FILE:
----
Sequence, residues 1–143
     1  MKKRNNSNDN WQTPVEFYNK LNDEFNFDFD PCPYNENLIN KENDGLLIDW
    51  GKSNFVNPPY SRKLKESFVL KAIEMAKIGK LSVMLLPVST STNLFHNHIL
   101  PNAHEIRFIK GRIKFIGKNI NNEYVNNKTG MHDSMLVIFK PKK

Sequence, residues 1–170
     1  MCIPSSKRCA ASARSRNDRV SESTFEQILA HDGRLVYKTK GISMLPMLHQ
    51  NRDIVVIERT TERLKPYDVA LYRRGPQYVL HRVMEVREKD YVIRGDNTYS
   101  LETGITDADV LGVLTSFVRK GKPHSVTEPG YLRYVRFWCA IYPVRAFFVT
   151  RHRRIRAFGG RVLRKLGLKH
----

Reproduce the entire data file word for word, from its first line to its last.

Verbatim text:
Sequence, residues 1–143
     1  MKKRNNSNDN WQTPVEFYNK LNDEFNFDFD PCPYNENLIN KENDGLLIDW
    51  GKSNFVNPPY SRKLKESFVL KAIEMAKIGK LSVMLLPVST STNLFHNHIL
   101  PNAHEIRFIK GRIKFIGKNI NNEYVNNKTG MHDSMLVIFK PKK

Sequence, residues 1–170
     1  MCIPSSKRCA ASARSRNDRV SESTFEQILA HDGRLVYKTK GISMLPMLHQ
    51  NRDIVVIERT TERLKPYDVA LYRRGPQYVL HRVMEVREKD YVIRGDNTYS
   101  LETGITDADV LGVLTSFVRK GKPHSVTEPG YLRYVRFWCA IYPVRAFFVT
   151  RHRRIRAFGG RVLRKLGLKH